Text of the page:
Vocus' New Zealand business drew in AU$165.3 million in revenue: AU$90.8 million from enterprise and wholesale, and AU$91.8 million from consumer. It retains 196,000 broadband consumer SIOs -- 62,000 Ultra-Fast Broadband (UFB) customers and 134,000 copper customers; 22,000 SMB SIOs; 12,000 energy SIOs; and 24,000 mobile SIOs. Broadband ARPU is NZ$71.10 per month.

Vocus cited revenue growth across New Zealand enterprise and government, ongoing growth in its Switch energy business, and an increase in its 2talk customers for its Kiwi result.

The company had announced in October that it would be selling off its New Zealand business, and on Tuesday confirmed that a formal sale process has begun and is expected to be concluded by June 30.

Until then, Vocus said it would focus on driving UFB market share; automating "everything"; improving resiliency; bundling more services; and improving business processes.

Vocus identified its business-wide key opportunities as being the shift from copper to fibre; the migration from on-premises to cloud computing; the growth in demand for upgraded network security systems; the scale to be attained through its acquisitions; and "technological advancement", including the switch to 5G which will require fibre to mobile towers.

"Significant advancements in software and the customers' desire to self-serve and problem shoot should drive material improvements in the ability of the company to lower the cost of customer acquisition and service across all segments of the market," Vocus said.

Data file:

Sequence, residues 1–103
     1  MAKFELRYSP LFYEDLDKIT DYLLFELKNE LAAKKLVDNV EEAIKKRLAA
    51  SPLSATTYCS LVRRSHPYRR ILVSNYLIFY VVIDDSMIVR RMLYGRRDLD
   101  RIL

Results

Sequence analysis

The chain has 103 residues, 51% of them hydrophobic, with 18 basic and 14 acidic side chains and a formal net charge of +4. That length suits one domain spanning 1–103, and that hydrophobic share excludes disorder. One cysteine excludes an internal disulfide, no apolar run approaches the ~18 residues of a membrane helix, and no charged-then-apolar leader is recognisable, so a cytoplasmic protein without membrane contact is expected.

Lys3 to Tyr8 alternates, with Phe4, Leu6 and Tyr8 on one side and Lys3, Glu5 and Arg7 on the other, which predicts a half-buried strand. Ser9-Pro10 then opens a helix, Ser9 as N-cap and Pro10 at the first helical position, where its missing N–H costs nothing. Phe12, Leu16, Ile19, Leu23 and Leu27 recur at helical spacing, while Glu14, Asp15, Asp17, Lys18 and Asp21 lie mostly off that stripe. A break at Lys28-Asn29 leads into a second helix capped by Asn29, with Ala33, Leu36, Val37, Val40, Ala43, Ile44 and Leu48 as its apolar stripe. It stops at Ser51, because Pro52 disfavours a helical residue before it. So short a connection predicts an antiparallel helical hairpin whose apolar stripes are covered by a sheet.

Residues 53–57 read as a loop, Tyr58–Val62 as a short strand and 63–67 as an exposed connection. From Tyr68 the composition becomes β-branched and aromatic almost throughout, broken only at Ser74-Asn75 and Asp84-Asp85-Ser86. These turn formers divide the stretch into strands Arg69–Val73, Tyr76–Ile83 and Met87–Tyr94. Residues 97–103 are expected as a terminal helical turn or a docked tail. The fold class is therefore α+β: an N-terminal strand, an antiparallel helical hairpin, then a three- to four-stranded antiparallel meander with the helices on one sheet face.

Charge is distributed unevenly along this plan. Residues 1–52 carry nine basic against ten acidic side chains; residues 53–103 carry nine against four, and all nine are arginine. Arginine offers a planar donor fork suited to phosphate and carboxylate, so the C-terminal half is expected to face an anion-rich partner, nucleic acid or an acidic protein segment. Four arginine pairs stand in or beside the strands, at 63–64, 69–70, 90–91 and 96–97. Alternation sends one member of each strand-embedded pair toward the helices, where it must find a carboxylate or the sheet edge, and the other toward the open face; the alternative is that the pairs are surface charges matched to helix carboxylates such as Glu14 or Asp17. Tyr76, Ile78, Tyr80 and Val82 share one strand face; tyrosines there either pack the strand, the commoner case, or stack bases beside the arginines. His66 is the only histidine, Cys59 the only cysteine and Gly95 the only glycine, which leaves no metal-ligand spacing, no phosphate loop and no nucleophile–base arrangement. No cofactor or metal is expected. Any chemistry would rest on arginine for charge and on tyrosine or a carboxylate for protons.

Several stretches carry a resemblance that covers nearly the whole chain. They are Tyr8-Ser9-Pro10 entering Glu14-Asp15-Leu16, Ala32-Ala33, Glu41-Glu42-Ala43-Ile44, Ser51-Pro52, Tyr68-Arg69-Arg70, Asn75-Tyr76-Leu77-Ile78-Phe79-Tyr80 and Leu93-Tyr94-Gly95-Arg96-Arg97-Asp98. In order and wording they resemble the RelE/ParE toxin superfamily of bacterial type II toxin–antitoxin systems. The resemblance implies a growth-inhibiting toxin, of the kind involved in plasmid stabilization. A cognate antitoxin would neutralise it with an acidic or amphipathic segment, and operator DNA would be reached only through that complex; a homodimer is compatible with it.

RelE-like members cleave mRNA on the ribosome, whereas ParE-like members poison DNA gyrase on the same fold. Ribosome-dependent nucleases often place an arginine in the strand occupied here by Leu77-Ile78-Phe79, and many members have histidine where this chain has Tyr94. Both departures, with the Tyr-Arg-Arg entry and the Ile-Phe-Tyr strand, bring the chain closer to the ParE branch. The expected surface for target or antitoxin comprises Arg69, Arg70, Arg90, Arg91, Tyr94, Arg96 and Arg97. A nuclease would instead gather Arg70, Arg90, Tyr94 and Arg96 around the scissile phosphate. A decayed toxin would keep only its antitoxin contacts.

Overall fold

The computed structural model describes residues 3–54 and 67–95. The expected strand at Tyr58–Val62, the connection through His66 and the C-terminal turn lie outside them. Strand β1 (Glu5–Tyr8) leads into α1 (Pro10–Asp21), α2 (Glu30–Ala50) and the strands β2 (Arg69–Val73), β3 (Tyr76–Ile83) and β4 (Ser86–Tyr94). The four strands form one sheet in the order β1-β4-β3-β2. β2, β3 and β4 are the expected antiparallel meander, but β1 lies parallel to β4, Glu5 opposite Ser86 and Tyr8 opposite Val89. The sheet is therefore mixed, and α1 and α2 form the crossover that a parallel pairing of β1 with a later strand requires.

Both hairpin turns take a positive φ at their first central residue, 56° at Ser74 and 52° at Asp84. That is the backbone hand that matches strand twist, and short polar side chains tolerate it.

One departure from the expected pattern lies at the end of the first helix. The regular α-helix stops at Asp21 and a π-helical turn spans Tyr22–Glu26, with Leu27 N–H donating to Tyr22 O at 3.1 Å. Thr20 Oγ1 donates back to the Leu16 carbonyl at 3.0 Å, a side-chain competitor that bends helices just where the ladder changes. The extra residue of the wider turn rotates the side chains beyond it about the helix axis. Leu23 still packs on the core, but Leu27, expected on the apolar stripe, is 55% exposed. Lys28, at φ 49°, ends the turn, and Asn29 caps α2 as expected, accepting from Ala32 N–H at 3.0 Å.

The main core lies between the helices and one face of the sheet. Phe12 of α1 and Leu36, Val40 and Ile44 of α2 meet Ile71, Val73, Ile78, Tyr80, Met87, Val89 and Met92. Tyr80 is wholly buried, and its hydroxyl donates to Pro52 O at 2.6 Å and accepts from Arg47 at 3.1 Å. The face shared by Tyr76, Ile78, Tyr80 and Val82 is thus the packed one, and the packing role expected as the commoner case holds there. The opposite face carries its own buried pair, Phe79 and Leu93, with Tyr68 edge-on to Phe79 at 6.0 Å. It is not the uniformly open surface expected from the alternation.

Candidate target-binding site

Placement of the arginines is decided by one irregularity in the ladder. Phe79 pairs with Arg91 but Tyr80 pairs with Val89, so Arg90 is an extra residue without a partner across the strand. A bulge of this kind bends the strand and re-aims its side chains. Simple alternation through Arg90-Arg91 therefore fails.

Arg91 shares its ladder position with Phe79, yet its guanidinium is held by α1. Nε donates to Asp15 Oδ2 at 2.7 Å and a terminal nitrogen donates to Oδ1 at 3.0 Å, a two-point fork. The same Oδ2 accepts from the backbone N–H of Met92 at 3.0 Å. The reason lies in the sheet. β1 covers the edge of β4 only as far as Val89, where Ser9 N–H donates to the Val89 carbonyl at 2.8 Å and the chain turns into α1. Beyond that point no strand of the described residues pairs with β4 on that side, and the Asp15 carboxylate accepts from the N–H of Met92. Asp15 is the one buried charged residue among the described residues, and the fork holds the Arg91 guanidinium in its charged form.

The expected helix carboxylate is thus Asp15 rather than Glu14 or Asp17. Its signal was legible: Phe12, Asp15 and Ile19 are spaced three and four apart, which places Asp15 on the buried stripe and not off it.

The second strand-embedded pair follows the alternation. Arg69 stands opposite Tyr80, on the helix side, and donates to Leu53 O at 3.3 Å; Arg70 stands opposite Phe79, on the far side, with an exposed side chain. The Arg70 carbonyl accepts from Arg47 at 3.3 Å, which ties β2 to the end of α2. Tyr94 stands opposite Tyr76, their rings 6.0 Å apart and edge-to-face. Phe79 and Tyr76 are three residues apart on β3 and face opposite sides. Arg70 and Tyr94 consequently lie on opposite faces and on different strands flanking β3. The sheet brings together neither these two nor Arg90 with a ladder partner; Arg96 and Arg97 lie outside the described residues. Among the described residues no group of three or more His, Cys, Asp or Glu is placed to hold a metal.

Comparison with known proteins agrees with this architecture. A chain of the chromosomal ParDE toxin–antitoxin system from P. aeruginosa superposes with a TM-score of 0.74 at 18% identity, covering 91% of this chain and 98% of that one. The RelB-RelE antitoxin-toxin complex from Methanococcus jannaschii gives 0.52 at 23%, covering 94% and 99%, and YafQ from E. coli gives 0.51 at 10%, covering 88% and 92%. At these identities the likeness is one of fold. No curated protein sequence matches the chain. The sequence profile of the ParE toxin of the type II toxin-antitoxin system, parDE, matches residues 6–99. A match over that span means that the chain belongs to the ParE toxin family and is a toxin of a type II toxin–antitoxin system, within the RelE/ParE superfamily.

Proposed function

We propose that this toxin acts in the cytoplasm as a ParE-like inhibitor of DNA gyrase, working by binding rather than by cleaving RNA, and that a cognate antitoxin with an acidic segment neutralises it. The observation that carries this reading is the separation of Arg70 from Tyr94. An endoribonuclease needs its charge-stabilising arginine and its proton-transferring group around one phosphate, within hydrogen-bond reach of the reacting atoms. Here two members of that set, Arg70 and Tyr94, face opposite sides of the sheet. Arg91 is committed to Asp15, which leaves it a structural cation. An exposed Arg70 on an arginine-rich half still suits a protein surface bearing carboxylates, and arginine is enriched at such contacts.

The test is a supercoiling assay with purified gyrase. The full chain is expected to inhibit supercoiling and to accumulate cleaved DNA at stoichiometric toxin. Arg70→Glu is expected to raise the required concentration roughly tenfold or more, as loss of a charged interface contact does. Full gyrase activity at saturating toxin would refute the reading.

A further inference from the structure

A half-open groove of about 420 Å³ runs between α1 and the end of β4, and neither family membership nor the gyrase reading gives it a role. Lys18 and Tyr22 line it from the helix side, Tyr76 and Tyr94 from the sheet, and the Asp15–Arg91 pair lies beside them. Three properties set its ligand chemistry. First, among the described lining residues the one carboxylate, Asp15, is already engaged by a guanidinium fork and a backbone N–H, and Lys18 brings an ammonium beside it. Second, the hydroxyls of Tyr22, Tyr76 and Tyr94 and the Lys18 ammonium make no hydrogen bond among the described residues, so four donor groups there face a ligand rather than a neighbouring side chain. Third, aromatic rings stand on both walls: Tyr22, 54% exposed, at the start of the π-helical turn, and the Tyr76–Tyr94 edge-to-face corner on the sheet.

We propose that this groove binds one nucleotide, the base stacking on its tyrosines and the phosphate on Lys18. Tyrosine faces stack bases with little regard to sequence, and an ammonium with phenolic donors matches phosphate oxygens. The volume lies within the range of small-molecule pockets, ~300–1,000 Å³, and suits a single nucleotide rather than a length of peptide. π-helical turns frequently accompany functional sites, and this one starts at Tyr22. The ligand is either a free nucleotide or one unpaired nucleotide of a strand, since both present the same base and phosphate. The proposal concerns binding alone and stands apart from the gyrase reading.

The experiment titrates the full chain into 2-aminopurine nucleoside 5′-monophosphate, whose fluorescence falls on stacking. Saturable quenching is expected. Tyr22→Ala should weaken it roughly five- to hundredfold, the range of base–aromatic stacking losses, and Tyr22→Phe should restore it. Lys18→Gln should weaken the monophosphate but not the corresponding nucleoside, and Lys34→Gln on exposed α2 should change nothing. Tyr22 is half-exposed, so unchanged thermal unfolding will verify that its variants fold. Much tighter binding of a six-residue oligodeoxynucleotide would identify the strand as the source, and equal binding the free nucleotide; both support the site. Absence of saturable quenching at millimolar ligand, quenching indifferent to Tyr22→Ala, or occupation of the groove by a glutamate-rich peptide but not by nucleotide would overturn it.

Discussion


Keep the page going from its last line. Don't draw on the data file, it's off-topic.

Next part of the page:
"The evolution of wireless technology over the next five years, in particular towards 5G technology, is expected to also drive increased need for fibre to connect base stations. This could open up additional opportunities to increase capacity utilisation on Vocus' fibre network."

Risks were outlined as being increased competition, including the NBN rollout strategy and its connectivity virtual circuit (CVC) pricing model, and fixed-wireless and 5G technologies providing opportunities for new entrants; regulatory and environmental risks, including the risk of its subsea cables being damaged; network and operational disruption, such as cyber attacks, natural disasters, and "employee negligence or unauthorised physical or electrical access"; and financial and commodity markets in Australia and New Zealand.

Last month, Vocus additionally announced entering an agreement with Australia's Department of Foreign Affairs and Trade (DFAT) to scope out the design, construction, and procurement of a subsea cable between Australia, Papua New Guinea, and Solomon Islands, with the agreement worth AU$2,841,301.10 to Vocus.